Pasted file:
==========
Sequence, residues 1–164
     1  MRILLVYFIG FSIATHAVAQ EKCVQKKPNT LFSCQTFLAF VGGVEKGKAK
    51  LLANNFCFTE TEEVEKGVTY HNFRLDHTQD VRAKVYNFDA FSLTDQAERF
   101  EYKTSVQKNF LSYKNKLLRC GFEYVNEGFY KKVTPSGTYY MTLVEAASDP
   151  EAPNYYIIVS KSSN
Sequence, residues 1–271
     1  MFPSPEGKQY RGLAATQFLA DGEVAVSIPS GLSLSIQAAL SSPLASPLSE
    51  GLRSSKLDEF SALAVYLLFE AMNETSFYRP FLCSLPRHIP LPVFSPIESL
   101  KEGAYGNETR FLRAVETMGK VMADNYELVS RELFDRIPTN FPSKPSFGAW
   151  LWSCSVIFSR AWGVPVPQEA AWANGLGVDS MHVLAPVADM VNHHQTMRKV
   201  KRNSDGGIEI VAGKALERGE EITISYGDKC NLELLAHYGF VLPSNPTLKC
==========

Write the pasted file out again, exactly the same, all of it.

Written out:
Sequence, residues 1–164
     1  MRILLVYFIG FSIATHAVAQ EKCVQKKPNT LFSCQTFLAF VGGVEKGKAK
    51  LLANNFCFTE TEEVEKGVTY HNFRLDHTQD VRAKVYNFDA FSLTDQAERF
   101  EYKTSVQKNF LSYKNKLLRC GFEYVNEGFY KKVTPSGTYY MTLVEAASDP
   151  EAPNYYIIVS KSSN
Sequence, residues 1–271
     1  MFPSPEGKQY RGLAATQFLA DGEVAVSIPS GLSLSIQAAL SSPLASPLSE
    51  GLRSSKLDEF SALAVYLLFE AMNETSFYRP FLCSLPRHIP LPVFSPIESL
   101  KEGAYGNETR FLRAVETMGK VMADNYELVS RELFDRIPTN FPSKPSFGAW
   151  LWSCSVIFSR AWGVPVPQEA AWANGLGVDS MHVLAPVADM VNHHQTMRKV
   201  KRNSDGGIEI VAGKALERGE EITISYGDKC NLELLAHYGF VLPSNPTLKC